JH:  We published a lot of women and what Paul and I decided was, that if there was a poem he really liked by a man and I didn’t get, he’d have the right to publish it. And if I had a poem by women that I got, and he didn’t, then I could publish it. He was starting to publish books with an offset press which I helped buy.

By about 1976 he suggested I start my own press, because I was in a different part of the country, and I don’t think he always agreed with what I sent him to publish. But several writers here got published by him. I started publishing as Carolina Wren Press in 1976. One of my first published books was by Jaki Shelton Green, a black poet in Orange County whom I had met back in 1973. And now she’s the North Carolina State Poet Laureate, which goes for five years.

VH:  And you were her first publisher.

JH:   She brought me her poems in a paper bag. I don’t remember the paper bag, but I remember that the poems were very strong. Very good. Very powerful and very shocking. The one that especially struck me begins The moon is a rapist peeing in my window… It wasn’t hard to get a whole book of Jaki’s poetry, which she called Dead on Arrival. Because she was afraid that when she finally got published, nobody would be interested, but it turned out to be different. She is now in the North Carolina Literary Hall of Fame, and she won the North Carolina Award for Literature, and now she is the Poet Laureate and I’m very proud of her. 

VH:  When you were starting this press and you published Jaki, you were also publishing a lot of writers and under-heard voices.

JH:  Yes, and at the time – I came to North Carolina in ’71 – there was a clique of people who were in the know about poetry. They got praise, got reviewed. I started reviewing some of those books for the Durham newspaper. They took me in because I was a reviewer. But I didn’t know anything about poetry in the schools. And Jaki’s husband at that time said we should go to Raleigh because there was a meeting about poetry in the schools. They had not invited us. He was a poet, too.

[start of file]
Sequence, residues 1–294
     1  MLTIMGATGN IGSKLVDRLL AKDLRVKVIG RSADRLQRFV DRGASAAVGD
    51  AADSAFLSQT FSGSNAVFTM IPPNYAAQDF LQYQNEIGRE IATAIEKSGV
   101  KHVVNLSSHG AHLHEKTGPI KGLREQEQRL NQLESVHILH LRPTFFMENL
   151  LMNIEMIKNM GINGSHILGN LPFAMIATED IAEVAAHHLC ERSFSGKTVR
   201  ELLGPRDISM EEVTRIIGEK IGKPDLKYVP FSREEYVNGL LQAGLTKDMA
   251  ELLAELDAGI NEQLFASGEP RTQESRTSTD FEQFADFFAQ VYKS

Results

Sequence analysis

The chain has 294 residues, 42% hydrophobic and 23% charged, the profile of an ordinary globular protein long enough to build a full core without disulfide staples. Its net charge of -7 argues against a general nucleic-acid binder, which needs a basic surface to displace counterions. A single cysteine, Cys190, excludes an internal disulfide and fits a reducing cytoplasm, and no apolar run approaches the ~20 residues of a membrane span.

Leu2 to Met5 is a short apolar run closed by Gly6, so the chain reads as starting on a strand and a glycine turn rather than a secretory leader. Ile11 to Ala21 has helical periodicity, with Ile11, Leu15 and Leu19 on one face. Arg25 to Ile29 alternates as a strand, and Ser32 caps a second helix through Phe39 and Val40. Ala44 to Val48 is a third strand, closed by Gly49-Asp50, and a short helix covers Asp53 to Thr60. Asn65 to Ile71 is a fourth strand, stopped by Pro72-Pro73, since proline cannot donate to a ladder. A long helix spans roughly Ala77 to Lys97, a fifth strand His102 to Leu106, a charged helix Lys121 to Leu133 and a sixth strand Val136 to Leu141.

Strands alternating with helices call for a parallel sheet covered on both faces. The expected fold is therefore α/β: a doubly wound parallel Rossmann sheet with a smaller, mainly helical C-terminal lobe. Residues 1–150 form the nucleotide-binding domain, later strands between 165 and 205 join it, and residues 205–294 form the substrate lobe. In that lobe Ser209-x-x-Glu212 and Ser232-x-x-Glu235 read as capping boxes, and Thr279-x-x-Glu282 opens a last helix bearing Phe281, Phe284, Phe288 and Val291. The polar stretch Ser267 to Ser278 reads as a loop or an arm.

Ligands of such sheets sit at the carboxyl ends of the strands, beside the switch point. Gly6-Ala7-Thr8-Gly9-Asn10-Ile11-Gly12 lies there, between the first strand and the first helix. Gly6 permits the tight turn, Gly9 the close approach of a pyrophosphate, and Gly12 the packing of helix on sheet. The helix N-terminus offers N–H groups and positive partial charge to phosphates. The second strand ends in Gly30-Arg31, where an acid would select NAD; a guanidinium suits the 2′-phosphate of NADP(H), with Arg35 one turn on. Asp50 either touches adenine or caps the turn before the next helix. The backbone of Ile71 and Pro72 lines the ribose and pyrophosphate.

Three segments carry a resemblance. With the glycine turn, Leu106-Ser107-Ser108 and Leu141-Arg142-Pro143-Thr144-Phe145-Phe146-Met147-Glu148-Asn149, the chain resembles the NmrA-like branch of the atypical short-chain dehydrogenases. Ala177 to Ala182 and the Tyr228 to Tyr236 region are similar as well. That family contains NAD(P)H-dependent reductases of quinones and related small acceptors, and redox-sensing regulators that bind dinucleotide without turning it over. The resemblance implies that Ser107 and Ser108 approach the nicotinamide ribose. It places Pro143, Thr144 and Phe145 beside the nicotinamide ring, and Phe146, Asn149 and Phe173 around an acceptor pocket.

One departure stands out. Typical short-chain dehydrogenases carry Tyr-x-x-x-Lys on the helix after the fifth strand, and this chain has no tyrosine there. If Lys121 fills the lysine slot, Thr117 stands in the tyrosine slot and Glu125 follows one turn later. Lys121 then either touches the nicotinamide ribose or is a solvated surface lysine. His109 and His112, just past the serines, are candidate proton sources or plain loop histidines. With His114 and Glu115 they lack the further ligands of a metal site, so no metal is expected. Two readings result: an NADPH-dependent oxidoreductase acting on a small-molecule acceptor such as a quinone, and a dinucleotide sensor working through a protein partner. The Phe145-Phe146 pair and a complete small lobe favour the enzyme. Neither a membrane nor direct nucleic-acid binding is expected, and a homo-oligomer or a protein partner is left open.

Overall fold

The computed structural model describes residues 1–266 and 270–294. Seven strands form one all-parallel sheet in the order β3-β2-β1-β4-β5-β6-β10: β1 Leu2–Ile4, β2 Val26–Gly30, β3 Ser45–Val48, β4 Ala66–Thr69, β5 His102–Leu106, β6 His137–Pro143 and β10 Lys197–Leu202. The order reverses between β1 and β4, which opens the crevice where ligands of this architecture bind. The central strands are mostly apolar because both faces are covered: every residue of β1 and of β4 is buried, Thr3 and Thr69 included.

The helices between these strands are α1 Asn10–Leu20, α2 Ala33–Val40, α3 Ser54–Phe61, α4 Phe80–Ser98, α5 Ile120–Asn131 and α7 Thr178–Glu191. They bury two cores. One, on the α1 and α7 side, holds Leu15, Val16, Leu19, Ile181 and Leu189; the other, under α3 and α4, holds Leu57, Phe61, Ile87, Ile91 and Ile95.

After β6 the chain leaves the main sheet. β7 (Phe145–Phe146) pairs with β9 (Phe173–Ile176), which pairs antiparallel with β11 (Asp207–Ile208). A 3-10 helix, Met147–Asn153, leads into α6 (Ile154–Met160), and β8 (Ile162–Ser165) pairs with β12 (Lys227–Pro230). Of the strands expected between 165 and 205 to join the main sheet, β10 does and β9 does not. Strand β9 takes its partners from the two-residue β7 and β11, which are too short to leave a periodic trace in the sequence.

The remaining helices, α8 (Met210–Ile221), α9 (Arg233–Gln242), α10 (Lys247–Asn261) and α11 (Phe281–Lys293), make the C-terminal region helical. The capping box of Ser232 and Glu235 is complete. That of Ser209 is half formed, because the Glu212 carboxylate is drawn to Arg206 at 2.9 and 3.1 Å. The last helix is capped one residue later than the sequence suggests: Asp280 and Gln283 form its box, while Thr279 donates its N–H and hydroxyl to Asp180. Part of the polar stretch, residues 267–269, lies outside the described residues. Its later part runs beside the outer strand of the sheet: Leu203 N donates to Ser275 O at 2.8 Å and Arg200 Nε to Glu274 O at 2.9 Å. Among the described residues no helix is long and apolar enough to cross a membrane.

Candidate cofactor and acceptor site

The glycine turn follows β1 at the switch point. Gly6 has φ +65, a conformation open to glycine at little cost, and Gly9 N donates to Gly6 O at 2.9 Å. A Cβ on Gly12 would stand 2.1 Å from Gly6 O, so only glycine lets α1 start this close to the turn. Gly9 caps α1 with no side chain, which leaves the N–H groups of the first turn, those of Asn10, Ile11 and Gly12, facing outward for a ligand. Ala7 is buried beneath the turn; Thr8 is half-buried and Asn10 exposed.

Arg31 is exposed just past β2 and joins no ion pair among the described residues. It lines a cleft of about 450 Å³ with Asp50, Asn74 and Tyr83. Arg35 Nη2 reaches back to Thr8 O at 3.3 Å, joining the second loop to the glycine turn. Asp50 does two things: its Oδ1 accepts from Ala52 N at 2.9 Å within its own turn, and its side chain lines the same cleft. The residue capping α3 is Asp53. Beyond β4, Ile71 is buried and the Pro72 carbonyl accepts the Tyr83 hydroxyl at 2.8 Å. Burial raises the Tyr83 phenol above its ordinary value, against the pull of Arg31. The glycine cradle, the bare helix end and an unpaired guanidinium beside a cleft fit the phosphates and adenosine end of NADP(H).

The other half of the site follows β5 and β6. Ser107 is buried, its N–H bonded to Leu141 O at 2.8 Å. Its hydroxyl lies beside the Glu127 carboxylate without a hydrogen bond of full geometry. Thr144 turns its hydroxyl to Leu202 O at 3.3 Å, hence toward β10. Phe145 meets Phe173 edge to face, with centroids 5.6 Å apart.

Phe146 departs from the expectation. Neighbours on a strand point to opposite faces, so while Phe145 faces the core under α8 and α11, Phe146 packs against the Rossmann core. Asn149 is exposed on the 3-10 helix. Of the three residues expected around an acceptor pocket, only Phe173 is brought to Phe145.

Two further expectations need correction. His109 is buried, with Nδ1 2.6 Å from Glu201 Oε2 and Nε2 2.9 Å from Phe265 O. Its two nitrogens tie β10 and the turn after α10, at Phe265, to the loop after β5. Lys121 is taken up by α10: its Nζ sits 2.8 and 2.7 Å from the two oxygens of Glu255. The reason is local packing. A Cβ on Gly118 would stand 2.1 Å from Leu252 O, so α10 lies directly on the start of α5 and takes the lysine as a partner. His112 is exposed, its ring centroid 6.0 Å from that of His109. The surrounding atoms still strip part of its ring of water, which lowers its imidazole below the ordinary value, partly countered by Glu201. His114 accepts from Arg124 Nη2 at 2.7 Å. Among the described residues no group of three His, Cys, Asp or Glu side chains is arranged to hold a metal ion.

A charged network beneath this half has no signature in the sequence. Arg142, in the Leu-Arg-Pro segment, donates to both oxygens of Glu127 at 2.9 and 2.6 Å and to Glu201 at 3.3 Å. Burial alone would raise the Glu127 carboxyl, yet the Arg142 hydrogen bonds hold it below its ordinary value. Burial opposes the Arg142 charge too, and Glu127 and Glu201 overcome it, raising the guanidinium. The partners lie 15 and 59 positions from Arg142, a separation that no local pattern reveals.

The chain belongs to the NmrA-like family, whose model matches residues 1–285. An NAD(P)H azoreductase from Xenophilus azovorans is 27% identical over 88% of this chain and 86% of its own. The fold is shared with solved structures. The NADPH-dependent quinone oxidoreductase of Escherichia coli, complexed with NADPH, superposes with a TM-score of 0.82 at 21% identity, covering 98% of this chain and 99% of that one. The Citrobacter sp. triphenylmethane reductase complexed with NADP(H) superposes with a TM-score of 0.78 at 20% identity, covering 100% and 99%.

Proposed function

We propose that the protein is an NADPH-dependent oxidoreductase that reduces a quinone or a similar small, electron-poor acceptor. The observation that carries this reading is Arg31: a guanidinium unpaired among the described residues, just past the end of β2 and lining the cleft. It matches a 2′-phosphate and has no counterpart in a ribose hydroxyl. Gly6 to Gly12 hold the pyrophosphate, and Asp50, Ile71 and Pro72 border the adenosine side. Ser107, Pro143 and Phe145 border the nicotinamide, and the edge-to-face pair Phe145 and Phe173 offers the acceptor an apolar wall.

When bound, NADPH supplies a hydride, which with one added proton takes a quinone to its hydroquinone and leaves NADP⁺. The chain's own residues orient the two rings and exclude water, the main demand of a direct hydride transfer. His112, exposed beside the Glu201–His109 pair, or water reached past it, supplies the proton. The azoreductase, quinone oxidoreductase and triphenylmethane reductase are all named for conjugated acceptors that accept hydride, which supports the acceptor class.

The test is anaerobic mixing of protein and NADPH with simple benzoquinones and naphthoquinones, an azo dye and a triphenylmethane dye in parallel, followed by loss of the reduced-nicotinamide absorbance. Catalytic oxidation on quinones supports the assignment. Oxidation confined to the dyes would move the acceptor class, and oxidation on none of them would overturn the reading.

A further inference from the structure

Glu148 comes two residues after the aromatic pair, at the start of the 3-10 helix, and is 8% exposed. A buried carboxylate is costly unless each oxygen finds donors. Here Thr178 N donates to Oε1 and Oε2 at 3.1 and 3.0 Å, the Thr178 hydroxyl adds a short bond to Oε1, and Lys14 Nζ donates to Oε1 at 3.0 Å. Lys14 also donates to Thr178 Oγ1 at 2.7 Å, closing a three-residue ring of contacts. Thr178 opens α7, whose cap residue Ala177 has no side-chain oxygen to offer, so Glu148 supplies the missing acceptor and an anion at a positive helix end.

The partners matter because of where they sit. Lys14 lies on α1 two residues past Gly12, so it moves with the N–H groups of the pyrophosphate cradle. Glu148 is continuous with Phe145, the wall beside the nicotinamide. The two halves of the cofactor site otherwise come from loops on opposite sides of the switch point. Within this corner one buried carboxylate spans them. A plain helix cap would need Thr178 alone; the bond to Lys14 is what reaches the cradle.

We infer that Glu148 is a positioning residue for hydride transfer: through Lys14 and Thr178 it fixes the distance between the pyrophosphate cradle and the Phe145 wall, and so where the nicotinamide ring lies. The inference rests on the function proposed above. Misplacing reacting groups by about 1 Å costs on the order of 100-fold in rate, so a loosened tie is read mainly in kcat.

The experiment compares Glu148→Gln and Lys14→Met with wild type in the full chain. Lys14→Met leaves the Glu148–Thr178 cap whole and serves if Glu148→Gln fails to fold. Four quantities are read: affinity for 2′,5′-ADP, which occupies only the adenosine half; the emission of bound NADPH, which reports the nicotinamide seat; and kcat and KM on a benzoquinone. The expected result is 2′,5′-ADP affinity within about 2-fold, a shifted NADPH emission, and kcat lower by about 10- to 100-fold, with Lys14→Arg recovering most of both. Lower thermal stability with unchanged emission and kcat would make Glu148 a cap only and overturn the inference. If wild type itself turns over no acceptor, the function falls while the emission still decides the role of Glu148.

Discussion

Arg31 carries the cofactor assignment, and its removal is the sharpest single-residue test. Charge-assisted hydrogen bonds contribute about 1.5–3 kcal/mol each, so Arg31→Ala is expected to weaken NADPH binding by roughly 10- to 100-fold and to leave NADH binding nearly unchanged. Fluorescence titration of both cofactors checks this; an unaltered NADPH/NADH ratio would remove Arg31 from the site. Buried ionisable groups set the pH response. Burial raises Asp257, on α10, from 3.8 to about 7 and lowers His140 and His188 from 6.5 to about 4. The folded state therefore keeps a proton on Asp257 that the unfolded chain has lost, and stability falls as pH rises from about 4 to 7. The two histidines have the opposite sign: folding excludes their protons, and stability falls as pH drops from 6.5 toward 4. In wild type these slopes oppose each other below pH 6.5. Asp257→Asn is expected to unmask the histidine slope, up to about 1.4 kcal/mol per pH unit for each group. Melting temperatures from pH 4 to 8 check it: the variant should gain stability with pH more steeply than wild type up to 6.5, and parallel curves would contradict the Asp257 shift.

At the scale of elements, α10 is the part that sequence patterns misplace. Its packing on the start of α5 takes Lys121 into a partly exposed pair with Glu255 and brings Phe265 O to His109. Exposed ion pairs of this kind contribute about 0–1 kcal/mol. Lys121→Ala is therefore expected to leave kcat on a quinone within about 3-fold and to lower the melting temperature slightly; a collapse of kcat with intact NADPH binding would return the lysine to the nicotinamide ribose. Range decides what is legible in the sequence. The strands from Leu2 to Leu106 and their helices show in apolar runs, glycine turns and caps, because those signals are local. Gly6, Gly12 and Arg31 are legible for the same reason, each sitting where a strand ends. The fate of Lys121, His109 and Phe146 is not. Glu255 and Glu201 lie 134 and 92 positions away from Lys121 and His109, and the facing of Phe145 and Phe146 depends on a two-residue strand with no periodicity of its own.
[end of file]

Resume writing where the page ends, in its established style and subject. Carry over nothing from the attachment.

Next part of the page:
We went in this room in the Department of Public Instruction and there were about 10 poets, most of whom I had already published in Hyperion. And they gave me such hateful looks. I was quite shaken. I had never gotten that much direct hostility from a group of people. But I did get an offer to teach poetry in the schools not too long after that. The lady advised me not to read them “any of your prison poets.” Because I was corresponding with prisoners. It was something that small magazines were doing.

But I did it anyway. And one of them was T.J. Reddy, who had been imprisoned for something he did not do in the 70’s. And I wrote a review of his book in 1974. It was published in the Durham paper saying that he was a saint. He was in prison for something he didn’t do, but he was trying to be a good model for the other prisoners by doing yoga and meditation and art as well as he could.

As a result, because of that review, my husband and I and three kids got thrown out of our rented house in Orange County because the farmer and others were probably Klu Klux Klan. They were pretty hostile to any mixing with blacks. And we’d been friendly with their hands who were black. And this was the last straw, saying that a black man was a saint.

I became pretty well known through the state, especially in the central part of the state, the Triangle region as we call it, for being a woman editor, a sole proprietor. I did get non-profit status for the publishing company and set up a board of directors. We ended Hyperion in about 1980 but the next to last one I edited was the women’s issue.

In the 70’s I had been setting up women’s readings in a counterculture restaurant in Durham called Somethyme. We had quite a few of those readings. New women writers were coming out of the woodwork. I collected their poems. I was at a writer’s conference in Washington state in ’76 and I got women there to send me poems. But it took me until ’79 to get that issue out. I called it Black Sun, New Moon.

I did thirty-three books under Carolina Wren Press. Many of them women writers. I was publishing people who were not part of this original clique – such as a playwright and a Greek immigrant woman and various poets. I published about five or six books by black authors, but I think I published more than that by women authors. Then in ’86, there was a women’s collective in Chapel Hill called Lollypop Power, which was dedicated to publishing children’s books that were multiracial and non-sexist.

They wanted to quit. They were a nonprofit and so they had to give their assets to another non-profit, and they chose me. They didn’t have much money, but they had books. We published one new title called The Boy Toy after we took it over. I found a writer to help me who could also earn a little money but there wasn’t much money to earn. I was then also offered to be an affiliate of The Durham Arts Council, and I got an office space in their new building. They wanted me because I was a publisher of black writers. I got grants from the North Carolina Arts Council, partly because I was publishing black writers.